Release Date: October 26 (Europe), October 23 (North America)
Platforms available on: Xbox 360
Developer: Playground Games
Publisher: Microsoft Studios
Forza Horizon, a spinoff of the long-running Forza series, takes the ideas put forward by other racing games but refines them in a better package. The game has Test Drive Unlimited's large open world, but without the frustrations of that game. It has the same mission structure and feel as Midnight Club: Los Angeles, but without the merciless and dispiriting sense of challenge.
It takes the sense of fun, accessibility and variety of DiRT Showdown yet wraps it in a package that is better-looking, more engaging and, yes, actually more fun. This is a more accessible take on the Forza brand, but it retains the sense of heritage, presentation and challenge, which is no mean feat.
Unlike the tightly crafted motorsport tracks in previous Forza games, most of your time in Forza Horizon will be spent hurtling around the countryside of Colorado as part of the Horizon Festival, a get-together of 250 of the biggest petrol-heads in the world. You are the rookie at the bottom of the tree and must build up your rep by wowing the crowd and winning events to move up through the coloured wristbands.
Whilst the open world is new, the layout of the game will be familiar to Forza fans. Races fall around themed categories each with their own performance limitations, depending on how far you are through the game. You will wrestle fish-tailing muscle cars in the early stages, but rise up to superfast Ferraris in no time. The progression between each wristband level is smooth, and challenges the player without ever becoming frustrating.
The game further mixes up the racing via different terrains that require you to adjust your driving style, such as when moving from asphalt to dirt roads. Periodic Showdown events also require you to engage in more usual contests, such as driving a '70 Ford Mustang Boss 429 in a race against a P-51 Mustang World War II fighter plane through a series of checkpoints.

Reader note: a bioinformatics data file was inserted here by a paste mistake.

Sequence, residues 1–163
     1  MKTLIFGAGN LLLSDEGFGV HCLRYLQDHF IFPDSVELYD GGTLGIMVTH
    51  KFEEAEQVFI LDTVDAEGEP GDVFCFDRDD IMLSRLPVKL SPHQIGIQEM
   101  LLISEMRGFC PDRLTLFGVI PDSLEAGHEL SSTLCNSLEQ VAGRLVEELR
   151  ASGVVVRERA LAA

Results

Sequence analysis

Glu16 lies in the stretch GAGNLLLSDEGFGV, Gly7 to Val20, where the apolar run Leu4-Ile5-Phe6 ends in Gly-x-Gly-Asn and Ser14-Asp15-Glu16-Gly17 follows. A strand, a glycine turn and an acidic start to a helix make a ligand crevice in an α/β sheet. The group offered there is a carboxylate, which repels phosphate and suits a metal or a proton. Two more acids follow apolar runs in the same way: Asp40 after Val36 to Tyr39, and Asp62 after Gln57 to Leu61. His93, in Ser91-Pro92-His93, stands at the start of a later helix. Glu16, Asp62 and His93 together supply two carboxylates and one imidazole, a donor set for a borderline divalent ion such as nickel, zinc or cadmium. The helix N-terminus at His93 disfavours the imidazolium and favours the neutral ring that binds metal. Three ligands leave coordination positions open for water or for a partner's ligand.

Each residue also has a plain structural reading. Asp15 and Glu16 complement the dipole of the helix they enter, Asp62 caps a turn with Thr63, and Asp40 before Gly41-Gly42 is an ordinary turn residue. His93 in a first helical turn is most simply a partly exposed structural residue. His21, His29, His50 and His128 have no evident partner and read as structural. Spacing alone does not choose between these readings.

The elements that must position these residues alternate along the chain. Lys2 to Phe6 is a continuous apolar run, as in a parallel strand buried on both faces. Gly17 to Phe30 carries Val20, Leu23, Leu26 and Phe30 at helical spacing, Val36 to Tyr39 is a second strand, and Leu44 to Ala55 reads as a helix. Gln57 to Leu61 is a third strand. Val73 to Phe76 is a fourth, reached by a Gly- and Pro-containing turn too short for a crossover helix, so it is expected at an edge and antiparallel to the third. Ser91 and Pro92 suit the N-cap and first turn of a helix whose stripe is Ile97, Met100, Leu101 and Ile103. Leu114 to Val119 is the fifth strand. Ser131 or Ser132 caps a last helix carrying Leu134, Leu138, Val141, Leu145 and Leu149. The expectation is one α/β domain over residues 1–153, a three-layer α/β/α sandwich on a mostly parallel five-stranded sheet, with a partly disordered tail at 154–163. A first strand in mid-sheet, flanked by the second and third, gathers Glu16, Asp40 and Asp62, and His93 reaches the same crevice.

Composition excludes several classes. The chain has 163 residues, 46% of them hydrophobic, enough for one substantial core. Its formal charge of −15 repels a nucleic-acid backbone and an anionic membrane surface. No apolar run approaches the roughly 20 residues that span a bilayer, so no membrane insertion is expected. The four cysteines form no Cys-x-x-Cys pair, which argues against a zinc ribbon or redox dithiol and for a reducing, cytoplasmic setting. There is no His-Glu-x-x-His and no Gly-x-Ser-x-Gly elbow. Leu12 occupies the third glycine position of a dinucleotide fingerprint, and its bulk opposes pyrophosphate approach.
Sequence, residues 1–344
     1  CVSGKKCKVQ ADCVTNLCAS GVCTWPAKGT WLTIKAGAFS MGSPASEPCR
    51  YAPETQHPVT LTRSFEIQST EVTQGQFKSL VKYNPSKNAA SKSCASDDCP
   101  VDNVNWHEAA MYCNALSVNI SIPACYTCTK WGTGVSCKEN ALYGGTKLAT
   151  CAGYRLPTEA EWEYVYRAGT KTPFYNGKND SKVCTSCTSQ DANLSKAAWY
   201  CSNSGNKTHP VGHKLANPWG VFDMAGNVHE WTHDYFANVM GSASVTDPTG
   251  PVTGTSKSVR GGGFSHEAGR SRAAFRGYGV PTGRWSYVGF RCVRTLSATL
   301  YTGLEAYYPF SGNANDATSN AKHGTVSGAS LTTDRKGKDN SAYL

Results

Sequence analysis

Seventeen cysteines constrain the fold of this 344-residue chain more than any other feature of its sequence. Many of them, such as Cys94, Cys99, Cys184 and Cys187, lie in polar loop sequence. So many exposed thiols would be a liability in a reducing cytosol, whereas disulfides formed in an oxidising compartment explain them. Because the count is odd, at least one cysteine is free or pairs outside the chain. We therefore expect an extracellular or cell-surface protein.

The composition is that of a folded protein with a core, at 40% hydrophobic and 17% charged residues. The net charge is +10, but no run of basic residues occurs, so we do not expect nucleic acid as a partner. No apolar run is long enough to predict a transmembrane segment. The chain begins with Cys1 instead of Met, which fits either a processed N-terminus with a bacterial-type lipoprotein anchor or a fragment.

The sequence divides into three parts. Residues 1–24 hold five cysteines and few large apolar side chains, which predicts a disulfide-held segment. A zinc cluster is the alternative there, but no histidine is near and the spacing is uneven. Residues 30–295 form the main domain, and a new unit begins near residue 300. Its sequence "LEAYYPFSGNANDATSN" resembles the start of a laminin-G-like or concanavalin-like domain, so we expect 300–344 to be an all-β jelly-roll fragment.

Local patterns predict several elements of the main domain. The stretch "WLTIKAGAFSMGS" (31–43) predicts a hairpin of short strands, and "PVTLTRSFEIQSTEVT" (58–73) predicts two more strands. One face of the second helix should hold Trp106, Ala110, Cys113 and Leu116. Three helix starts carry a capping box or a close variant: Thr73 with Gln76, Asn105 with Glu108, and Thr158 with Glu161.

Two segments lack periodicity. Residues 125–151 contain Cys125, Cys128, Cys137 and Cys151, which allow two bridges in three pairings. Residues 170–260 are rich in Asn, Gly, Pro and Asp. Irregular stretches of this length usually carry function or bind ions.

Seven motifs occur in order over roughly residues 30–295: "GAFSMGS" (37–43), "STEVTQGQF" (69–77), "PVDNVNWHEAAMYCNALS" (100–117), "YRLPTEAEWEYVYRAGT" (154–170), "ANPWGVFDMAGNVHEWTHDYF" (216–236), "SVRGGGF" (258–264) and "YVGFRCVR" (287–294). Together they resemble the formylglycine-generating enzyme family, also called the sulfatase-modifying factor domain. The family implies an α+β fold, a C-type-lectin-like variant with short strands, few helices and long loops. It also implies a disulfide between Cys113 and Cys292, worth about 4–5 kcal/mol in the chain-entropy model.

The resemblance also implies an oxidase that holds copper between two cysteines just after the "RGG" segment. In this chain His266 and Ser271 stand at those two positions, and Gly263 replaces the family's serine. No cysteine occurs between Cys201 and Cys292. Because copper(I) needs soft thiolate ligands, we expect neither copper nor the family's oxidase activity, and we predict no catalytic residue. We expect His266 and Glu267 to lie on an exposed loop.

There is plenty of additional challenge in the world away from the events, such as setting the highest miles per hour on leaderboards while travelling through speed cameras; illegal cash races around the streets; or just pulling up behind other festival competitors and triggering an impromptu tear-up.
One major issue about Forza Horizon that strangely dates the game is its story. Playground Games has trotted out pretty much every adrenaline-junkie stereotype for the game, and these cookie-cutter characters spend more time tediously boasting than they do actually racing.
Thankfully, Forza Horizon amends for its narrative shortcomings with its presentation. This is a beautiful game. All the Forza heritage in creating amazing-looking cars is in full effect, but it's also the world that impresses.
The Colorado plains kick up clouds of dust as you speed down the sun-baked roads around mountainsides. And powered by a full day / night cycle, when darkness falls things get even better.
At night, the kaleidoscope of lights around the main festival centre illuminates the sky, as dramatic fireworks go off, really giving the feeling that the party is actually going on. This contrasts starkly to the daytime when Colorado feels much more staged and empty. Overall, though, Forza Horizon conjures a racing world in which you are happy to spend some time.
Car customisation is not quite as deep in Forza Horizon compared to previous games, but there are arguably more engaging options for photographing and sharing any customised artwork, particularly with the rather lovely Colorado backdrop. The vehicle-sharing Car Club returns for the new game, and the online storefront enables you to market any old vinyls.
The multiplayer game is certainly entertaining, but things are less successful with the co-operative free-roaming modes. The idea is that a group of players come together in the world and take on a range of challenges, such as getting four players through a speed trap at 200mph close to each other. But the weak direction and signposting means that it is generally a confusing affair, and so many players may be put off.
It will be interesting to see how Forza Horizon fares against Need for Speed: Most Wanted, Criterion's new open world racer that is out next month. But in the absence of that review, it is clear that Playground Games has seriously raised the bar in all areas for the non-linear racing genre with Forza Horizon, and others will now have to play catchup.